# Basic financial terms and APT 2-factor models

I have some practice work to complete and I have no idea how to do it. This is in preparation for an exam later. I am doing the practice work in my chapters and need some help understanding. The questions are regarding basic financial terms and an APT 2-factor model.

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#### Solution Preview

Define the following terms, using graphs or equations to illustrate your answers wherever feasible:

A. Portfolio; feasible set; efficient portfolio; efficient frontier

A portfolio is a group of financial assets, differing in possible risk and return, and is managed by an investor or a group of professionals. Generally, a higher return expected by a portfolio owner generates a higher risk as well, and vice versa. The mix of financial assets can range, and these can include stocks, bonds, mutual funds, and cash equivalents. Stocks are considered the most volatile of these options and thus generate the highest return/highest risk, with bonds being one of the safer options, which only generate a low return/low risk.

A feasible set of portfolios refers to the possible combinations of financial assets that an investor can have, according to his/her risk tolerance, investment goals, and resources. However, this does not necessarily mean that they are efficient.

An efficient portfolio refers to the set of feasible portfolios of financial assets that an investor can have for either i) the greatest return expected for a certain risk level, or ii) the lowest risk for a certain expected return.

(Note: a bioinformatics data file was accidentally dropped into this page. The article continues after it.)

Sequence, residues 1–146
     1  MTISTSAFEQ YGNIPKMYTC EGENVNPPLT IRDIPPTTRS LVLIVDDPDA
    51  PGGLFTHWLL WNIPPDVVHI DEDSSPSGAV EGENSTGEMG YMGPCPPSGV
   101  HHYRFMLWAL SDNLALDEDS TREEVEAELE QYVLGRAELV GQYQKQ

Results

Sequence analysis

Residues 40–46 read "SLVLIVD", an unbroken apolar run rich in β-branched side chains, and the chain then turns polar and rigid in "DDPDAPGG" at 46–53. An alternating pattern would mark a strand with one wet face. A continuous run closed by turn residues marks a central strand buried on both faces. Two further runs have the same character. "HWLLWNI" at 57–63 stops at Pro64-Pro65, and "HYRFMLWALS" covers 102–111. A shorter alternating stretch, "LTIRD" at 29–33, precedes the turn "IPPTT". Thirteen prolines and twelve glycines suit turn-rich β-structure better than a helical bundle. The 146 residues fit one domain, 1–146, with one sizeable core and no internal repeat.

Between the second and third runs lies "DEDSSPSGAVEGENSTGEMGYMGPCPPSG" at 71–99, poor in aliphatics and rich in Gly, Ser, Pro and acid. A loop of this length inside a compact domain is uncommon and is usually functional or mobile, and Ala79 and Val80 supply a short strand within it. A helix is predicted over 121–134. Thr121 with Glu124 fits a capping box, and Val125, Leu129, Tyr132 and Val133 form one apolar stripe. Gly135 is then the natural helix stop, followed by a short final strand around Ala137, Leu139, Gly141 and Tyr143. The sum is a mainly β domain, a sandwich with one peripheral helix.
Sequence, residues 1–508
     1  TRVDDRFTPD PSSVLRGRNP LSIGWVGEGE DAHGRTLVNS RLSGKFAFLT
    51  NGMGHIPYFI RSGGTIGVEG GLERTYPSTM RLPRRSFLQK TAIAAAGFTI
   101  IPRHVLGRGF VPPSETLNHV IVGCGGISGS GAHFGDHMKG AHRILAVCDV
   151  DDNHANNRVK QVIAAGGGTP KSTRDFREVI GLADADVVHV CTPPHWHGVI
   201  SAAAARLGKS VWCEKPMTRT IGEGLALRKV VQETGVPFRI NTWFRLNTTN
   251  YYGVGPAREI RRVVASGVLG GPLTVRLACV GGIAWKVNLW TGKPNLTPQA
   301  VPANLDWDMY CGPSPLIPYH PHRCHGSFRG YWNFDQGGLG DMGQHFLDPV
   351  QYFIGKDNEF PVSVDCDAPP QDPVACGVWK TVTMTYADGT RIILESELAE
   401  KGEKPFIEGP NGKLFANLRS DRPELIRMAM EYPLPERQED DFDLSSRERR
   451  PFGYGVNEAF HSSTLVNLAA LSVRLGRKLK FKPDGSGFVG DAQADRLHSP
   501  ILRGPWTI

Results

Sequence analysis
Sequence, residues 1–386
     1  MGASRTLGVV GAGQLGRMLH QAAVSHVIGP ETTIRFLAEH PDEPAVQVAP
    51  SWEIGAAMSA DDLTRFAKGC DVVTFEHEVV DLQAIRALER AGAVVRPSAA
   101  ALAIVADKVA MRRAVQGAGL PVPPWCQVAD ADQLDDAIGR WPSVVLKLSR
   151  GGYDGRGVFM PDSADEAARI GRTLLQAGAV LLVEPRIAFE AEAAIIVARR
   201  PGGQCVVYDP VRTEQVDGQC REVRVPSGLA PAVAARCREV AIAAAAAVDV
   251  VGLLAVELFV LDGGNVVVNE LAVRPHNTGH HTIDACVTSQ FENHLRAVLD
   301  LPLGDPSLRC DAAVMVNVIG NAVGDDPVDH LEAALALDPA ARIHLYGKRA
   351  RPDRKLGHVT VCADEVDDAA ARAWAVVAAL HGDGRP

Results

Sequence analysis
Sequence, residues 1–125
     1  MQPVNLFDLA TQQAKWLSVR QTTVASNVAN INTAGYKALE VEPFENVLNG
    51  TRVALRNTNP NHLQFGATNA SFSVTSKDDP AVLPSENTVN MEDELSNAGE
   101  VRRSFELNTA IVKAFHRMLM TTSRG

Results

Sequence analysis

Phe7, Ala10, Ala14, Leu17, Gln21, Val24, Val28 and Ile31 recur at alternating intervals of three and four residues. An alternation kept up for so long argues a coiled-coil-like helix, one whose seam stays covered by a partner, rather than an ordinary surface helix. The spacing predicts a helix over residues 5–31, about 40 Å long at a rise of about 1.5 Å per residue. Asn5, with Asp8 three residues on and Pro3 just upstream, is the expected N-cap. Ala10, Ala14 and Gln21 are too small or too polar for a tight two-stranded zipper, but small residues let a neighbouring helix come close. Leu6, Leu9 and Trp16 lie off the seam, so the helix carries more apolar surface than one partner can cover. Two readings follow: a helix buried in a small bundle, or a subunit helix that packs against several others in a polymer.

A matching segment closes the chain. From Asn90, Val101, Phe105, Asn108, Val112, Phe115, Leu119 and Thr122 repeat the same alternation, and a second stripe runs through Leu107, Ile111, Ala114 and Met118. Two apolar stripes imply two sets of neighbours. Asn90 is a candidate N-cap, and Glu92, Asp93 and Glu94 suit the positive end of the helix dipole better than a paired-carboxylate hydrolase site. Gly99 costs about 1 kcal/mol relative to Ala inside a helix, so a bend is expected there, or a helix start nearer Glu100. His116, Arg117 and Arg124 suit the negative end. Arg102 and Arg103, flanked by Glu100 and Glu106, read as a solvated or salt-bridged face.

An efficient frontier is composed of the set of efficient portfolios available to the investor, reliant on the portfolios giving the highest expected return for a specific risk level, and the portfolios giving the lowest risk for a targeted expected return. The y-axis represents the expected returns, while the x-axis represents the risks (standard deviations of returns). Diversification, thus composing one's portfolio of several financial assets rather than just one, is also a determinant factor. In contrast to portfolios with less diversification, which tend to be sub-optimal and below the curve, the efficient frontier curve outlines diversified portfolios that are optimal. This is depicted by the graph attached.

{See Graph 1}

As outlined in the example diagram provided by YoungResearch, the efficient frontier adequately demonstrates the impact of diversification, showing how it is a factor in determining the curve's optimal portfolios, determined by the amounts of risk (measured by standard deviation of annual returns) and return (average of annual returns). For example, a portfolio with only 100% stocks would generate a large return of 12.5%, though also a large risk of 17%. This is the opposite to a portfolio of 100% bonds, where the return ...

#### Solution Summary

A few basic definitions are highlighted and illustrated with the usage of graphs, diagrams, and pictures. Additionally, an APT 2-factor model problem is solved.